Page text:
preterm birth

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... h.N. aGuIlaR, a. MoSheR, S. Wood, d.M. SlateR . .... St. Joseph's Hospital and Medical Center. Phoenix, AZ. USA ...... sonek JD, iams JD, blumenfeld M et al.

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in ObGyn

PRETERM BIRTH Editor:  Robert E. Garfield

01-Titelbladzijde Preterm birth_Opmaak 1 4/12/12 10:04 Pagina 1

PRETERMBIRTH Editor:RobertE.Gar field

FacTs, VIEws & VIsIon in obGyn

Issuesinobstetrics,GynaecologyandReproductiveHealth scientificJournaloftheFlemishsocietyofobstetrics&Gynaecology


BetweenLifeandDeathI DesignedbyBelgianartist © KoEn VanMEcHELEn

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02-editorial board_Opmaak 1 4/12/12 10:04 Pagina 1

Facts, VieWs & Vision in obgyn

issues in obstetrics, gynaecology and reproductive health

Editor-in-ChiEf W. omBelet Co-Editor-in-ChiEf m. dhont honorArY MEMBErS (Editorial Board) h. Jones Jr. m. Fathalla ASSoCiAtE EditorS W. tJalma W. Verpoest J. gerris J. Verhaeghe nAtionAl And intErnAtionAl EditoriAl BoArd F. amant – leuven a. Balen – london J. Bosteels – Bonheiden F. BroeKmans – Utrecht s. campBell – london e. de Jonge – genk p. de sUtter – ghent a. delVigne – liège J. deprest – leuven r. deVliegher – leuven

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Responsible editor: Willem omBelet, genk institute for Fertility technology, department of obstetrics and gynaecology, zol, campus st Jan, schiepse Bos 6, 3600 genk, Belgium. e-mail: [email protected] printed in Belgium by Universa press – honderdweg 24 – 9230 Wetteren – [email protected]

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Content Editorial RobeRt e. GaRfIeld . . . . . . . . . . . . . . . . . . . . . . . . . . . . . . . . . . . . . . . . . . . . . . . . . . . . . . . . . . . . . . . . .


An update on prevention and management of preterm birth M. toRRIcellI, M. de boNIS, c. VoltolINI, N. coNtI, l.R. GaleazzI, f. VelluccI, f.M. SeVeRI, f. PetRaGlIa . . .


The uterine myocyte as a target for prevention of preterm birth b.f. MItchell, h.N. aGuIlaR, a. MoSheR, S. Wood, d.M. SlateR . . . . . . . . . . . . . . . . . . . . . . . . . . . . . . . .


Metabolic Modulation of the Myometrium and Labour, Term and Preterm M.P. hehIR, J.J. MoRRISoN . . . . . . . . . . . . . . . . . . . . . . . . . . . . . . . . . . . . . . . . . . . . . . . . . . . . . . . . . . . .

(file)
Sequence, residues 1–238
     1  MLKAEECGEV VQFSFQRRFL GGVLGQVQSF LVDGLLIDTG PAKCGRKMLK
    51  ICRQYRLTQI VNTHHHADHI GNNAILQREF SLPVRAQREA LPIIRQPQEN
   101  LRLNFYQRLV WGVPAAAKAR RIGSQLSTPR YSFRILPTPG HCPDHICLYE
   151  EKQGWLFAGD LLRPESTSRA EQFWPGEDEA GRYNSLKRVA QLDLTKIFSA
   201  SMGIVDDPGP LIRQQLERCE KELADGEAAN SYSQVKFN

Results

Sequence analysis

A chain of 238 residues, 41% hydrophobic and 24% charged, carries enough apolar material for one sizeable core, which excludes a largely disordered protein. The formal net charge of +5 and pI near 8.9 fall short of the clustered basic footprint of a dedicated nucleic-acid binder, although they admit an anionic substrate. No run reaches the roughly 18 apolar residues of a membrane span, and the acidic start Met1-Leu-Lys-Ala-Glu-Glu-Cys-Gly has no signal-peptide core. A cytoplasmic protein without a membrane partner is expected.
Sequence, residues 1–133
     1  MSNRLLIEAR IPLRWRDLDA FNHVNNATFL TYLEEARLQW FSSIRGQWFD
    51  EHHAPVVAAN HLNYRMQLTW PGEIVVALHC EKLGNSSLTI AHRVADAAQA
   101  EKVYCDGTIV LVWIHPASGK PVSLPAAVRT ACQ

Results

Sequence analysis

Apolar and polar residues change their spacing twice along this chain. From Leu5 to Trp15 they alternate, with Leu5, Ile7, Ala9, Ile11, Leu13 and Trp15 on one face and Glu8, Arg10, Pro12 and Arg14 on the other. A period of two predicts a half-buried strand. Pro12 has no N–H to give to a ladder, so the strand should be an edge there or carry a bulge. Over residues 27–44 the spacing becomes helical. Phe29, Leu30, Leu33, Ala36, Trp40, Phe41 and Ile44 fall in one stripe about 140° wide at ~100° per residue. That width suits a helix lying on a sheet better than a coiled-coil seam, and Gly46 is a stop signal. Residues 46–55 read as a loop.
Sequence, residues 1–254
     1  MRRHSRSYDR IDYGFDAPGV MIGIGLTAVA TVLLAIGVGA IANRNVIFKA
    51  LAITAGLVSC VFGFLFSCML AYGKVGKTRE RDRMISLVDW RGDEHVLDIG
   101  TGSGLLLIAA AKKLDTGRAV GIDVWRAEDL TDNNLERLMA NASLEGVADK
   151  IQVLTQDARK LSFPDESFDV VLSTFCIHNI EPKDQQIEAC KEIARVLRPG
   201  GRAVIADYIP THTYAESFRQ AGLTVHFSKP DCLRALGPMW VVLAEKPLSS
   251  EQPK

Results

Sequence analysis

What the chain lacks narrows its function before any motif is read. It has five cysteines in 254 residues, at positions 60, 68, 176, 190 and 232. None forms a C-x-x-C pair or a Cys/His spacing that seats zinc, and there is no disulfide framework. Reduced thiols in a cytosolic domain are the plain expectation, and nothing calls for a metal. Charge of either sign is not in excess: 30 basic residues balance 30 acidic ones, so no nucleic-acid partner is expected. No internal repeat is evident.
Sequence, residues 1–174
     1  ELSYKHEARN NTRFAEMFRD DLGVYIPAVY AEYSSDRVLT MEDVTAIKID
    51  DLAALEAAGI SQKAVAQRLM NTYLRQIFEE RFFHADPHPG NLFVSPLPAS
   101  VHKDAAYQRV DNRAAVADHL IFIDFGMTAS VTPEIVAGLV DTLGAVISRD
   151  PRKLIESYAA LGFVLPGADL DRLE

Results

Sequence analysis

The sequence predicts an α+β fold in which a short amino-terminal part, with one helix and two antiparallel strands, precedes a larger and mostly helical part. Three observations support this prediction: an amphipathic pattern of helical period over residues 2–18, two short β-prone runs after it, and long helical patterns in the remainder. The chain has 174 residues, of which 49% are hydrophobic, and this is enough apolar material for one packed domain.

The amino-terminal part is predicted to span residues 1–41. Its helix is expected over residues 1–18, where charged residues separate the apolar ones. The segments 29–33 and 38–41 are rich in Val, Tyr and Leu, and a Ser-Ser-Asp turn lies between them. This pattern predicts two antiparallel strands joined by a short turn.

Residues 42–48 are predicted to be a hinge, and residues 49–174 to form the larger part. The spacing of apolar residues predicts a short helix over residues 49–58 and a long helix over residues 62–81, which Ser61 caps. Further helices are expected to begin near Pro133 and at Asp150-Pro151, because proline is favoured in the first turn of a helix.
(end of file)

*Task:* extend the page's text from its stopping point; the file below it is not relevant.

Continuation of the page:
Ion channels in uterine smooth muscle cells to regulate contractions during term and preterm delivery: - Role of non-selective cation channels and gap junctions. h. MIyoShI, S. uRabe, y. Kudo . . . . . . . . . . . . . . . . . . . . . . . . . . . . . . . . . . . . . . . . . . . . . . . . . . . . . . . . .


Use of Non-invasive Uterine Electromyography in the Diagnosis of Preterm Labour M. lucoVNIK, z. NoVaK-aNtolIc, R.e. GaRfIeld . . . . . . . . . . . . . . . . . . . . . . . . . . . . . . . . . . . . . . . . . . . . .


Preterm Cervical Ripening in humans G. eKMaN-oRdebeRG, a. dubIcKe . . . . . . . . . . . . . . . . . . . . . . . . . . . . . . . . . . . . . . . . . . . . . . . . . . . . . . .


Progesterone Action in the Myometrium and Decidua in Preterm Birth a.M. blaNKS, J.J. bRoSeNS . . . . . . . . . . . . . . . . . . . . . . . . . . . . . . . . . . . . . . . . . . . . . . . . . . . . . . . . . . . .


Use of progestagens during early pregnancy G. daNte, V. VaccaRo, f. facchINettI . . . . . . . . . . . . . . . . . . . . . . . . . . . . . . . . . . . . . . . . . . . . . . . . . . .


Progestagens for preventing preterm birth f. facchINettI, V. VaccaRo, e. aNNeSSI, G. daNte . . . . . . . . . . . . . . . . . . . . . . . . . . . . . . . . . . . . . . . . . . .


Actions of progestins for the inhibition of cervical ripening and uterine contractions to prevent preterm birth R.-J. KuoN, R.e. GaRfIeld . . . . . . . . . . . . . . . . . . . . . . . . . . . . . . . . . . . . . . . . . . . . . . . . . . . . . . . . . . . .


Use of progesterone and progestin analogs for inhibition of preterm birth and other uterine contractility disorders R.e. GaRfIeld, l. ShI, S-Q. ShI . . . . . . . . . . . . . . . . . . . . . . . . . . . . . . . . . . . . . . . . . . . . . . . . . . . . . . . . .


Postterm pregnancy M. Galal, I. SyMoNdS, h. MuRRay, f. PetRaGlIa, R. SMIth . . . . . . . . . . . . . . . . . . . . . . . . . . . . . . . . . . . . . .


ISSN: 2032-0418


St. Joseph’s Hospital and Medical Center Dedicated to furthering the healing ministry of Jesus Christ through patient care, medical education and translational research. 350 West omas Road Phoenix, Arizona 85013 602-406-3000

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FVV In OBGyn, 2012, MOnOGRAPH: 1

Preterm Birth